Reflections: December 2018
We may not have seen much snow in December, but we started the month is Sucre, Bolivia’s white city. Nearly every building in town is washed in white and trimmed in terracotta tile roofs. The pace of life was slow, and the days were long and sunny. Though the temperature regularly hit the mid-70s, it was starting to feel a bit like the holidays. The town center was decked in twinkling lights, and choruses of elementary school children dressed as little angels sang in the plaza.
We spent our days nibbling on artisanal chocolates and gorging on Venezuelan arepas. Rebecca’s brother Richie had only become familiar with the much drier and blander Colombian arepa, and once we introduced him to what had become one of favorite foods, his world was forever changed. When we discovered Sucre had a Venezuelan restaurant in town serving up juicy, savory Pabellón arepas (sweet corn masa stuffed with shredded beef, black beans, salty cheese, and fried sweet plantain), we developed a routine of visiting twice a day. Yep, it was that good.
After stuffing our faces with arepas, we’d wander the calm streets to lookout points around the city. One of our favorite walks led us to the General Cemetery, which has to be the most beautiful burial grounds we’ve ever seen. Gardens lined with tall trees, the sweet smell of fresh flowers hanging in the air, and altars decorated with personal offerings gave it such a peaceful atmosphere. On our way back to town we stopped by Templo La Merced and climbed the old church’s bell tower for 360-degree views of the city.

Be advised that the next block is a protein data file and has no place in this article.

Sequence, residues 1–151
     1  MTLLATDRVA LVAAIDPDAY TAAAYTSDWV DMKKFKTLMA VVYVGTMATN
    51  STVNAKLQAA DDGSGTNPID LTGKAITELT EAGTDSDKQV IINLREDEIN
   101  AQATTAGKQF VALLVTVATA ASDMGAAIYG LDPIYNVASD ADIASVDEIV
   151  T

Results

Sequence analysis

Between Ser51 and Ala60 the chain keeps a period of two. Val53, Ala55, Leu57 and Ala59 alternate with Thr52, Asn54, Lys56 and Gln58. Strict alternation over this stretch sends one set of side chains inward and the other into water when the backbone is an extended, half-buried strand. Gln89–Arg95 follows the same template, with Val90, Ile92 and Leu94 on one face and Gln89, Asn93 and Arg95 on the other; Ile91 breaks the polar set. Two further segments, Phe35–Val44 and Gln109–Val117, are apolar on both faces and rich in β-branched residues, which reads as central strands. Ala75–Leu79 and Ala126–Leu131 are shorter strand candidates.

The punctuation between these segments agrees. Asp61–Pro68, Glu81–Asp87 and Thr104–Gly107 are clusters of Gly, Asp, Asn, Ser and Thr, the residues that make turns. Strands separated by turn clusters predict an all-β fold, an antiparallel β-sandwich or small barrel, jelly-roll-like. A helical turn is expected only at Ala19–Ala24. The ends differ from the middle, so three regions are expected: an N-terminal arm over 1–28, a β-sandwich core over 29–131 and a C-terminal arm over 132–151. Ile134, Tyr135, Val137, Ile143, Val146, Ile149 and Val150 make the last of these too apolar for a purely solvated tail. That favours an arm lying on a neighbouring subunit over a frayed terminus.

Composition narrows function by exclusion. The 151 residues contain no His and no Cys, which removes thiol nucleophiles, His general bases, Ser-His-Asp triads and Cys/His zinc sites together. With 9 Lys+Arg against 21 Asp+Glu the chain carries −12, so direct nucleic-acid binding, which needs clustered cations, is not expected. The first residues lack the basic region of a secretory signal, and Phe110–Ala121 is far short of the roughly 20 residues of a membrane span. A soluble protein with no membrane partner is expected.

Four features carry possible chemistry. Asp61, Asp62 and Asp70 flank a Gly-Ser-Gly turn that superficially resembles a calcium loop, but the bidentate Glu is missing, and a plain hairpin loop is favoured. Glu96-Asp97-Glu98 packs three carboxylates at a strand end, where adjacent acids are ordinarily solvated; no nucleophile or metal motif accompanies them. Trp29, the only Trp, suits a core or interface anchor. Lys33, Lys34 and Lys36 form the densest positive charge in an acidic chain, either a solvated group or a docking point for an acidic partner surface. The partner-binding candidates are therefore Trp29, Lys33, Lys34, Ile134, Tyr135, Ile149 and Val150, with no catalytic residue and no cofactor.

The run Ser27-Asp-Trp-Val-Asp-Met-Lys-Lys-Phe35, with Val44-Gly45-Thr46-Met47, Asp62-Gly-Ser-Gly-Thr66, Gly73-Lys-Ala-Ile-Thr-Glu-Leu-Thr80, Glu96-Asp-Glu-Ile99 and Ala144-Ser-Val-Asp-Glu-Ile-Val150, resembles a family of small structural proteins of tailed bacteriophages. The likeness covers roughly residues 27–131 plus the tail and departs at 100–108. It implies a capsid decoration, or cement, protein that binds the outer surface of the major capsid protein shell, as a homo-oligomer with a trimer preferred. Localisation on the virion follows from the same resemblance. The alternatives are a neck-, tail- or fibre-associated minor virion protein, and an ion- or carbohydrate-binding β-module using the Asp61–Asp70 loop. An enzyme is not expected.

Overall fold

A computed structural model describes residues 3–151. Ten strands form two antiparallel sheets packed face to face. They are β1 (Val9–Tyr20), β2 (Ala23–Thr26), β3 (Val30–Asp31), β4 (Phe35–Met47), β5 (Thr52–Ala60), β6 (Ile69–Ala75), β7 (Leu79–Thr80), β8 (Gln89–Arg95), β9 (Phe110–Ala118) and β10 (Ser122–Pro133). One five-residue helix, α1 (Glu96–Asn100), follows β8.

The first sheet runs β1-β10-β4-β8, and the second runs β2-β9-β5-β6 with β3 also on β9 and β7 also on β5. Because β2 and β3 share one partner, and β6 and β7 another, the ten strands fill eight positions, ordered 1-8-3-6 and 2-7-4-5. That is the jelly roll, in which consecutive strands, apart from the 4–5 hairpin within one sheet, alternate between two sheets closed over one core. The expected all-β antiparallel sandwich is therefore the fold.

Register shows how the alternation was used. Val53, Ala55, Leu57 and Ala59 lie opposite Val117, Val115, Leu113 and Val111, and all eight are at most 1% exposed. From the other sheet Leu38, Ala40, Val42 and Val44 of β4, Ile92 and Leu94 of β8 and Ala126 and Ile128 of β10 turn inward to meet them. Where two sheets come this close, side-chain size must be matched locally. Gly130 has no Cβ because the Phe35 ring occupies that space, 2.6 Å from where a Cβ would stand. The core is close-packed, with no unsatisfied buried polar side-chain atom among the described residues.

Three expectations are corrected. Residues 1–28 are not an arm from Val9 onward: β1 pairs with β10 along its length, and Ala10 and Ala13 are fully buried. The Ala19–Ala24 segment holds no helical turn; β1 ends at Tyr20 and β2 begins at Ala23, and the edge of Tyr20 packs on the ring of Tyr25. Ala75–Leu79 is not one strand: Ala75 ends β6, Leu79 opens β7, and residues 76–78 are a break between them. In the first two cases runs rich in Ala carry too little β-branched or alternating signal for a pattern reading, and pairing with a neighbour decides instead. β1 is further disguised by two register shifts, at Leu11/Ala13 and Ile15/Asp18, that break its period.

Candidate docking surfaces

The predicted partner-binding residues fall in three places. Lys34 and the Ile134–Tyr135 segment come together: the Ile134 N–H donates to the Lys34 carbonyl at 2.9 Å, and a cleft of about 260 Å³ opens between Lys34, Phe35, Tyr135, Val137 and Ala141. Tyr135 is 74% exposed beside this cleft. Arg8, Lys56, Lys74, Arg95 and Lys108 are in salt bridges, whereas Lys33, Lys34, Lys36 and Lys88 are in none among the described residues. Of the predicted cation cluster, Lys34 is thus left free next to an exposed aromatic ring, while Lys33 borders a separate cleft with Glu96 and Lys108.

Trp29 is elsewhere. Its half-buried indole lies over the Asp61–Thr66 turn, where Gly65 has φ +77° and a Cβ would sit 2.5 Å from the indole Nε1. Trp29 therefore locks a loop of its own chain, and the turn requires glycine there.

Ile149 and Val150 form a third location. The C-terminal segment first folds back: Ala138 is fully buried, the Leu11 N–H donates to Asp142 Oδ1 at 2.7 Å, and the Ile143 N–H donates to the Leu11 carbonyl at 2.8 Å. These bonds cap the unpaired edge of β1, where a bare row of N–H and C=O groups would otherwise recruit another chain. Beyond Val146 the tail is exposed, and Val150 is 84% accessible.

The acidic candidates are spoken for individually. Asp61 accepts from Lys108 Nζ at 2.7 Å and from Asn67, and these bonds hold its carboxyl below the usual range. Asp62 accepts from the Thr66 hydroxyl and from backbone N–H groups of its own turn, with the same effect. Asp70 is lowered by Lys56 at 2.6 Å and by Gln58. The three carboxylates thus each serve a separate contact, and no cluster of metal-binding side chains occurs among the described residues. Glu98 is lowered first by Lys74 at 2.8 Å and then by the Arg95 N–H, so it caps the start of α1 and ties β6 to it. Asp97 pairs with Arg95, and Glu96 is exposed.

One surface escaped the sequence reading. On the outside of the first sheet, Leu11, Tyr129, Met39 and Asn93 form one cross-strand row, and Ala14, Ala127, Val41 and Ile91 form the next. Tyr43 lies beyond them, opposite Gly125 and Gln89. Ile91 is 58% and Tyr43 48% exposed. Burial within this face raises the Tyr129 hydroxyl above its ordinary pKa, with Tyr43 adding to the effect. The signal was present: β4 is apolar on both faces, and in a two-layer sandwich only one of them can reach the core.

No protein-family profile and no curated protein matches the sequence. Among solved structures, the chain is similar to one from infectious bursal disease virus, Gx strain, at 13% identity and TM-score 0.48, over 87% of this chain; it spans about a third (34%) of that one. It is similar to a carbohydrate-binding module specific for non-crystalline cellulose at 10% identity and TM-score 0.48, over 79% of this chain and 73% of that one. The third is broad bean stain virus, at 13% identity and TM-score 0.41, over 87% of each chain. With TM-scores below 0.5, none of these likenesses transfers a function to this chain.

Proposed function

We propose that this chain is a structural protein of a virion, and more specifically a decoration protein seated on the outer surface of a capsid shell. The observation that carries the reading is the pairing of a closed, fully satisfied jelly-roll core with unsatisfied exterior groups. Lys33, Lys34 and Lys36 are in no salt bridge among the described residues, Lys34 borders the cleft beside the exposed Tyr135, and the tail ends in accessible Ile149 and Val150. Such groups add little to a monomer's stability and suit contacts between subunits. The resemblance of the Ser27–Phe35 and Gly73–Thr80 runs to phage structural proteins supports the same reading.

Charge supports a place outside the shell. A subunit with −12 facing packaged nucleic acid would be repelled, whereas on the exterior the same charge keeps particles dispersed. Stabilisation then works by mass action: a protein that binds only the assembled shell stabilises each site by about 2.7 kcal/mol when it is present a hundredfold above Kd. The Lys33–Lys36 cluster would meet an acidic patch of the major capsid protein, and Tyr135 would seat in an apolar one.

From Sucre, we took an overnight bus to Uyuni, where we’d start a three day trip across the salt flats from Bolivia into Chile.
The Salar de Uyuni is the largest salt flat in the world and is without a doubt one of the most spectacular landscapes we’ve ever seen in our lives. Every day brought new vistas and adventures, and our guide Eusebio went above and beyond to make sure we enjoyed this Bolivian treasure to the fullest.
Our first day we drove from the unremarkable town of Uyuni to the train cemetery. Trains once used to carry salt to the rest of Bolivia, Chile, and Argentina retire in the desert in a mass of rusting metal. The discarded steam engines look like something out of Mad Max, and people climbed through and on top of the cadavers. Shortly after, we hopped back in the 4x4 and headed into the salt flats.
We stopped for lunch near the Dakar Rally monument. All around South America, we had seen the symbol pasted on the sides and windows of cars without knowing the reference. The Dakar Rally is an annual race that traditionally took place from Paris, France to Dakar, Senegal, but because of security threats in Mauritania, the race has been held in South America since 2009. The rally takes place in difficult to navigate terrains like sand dunes and mud, so the Bolivian salt flats are a fitting site for such a sport.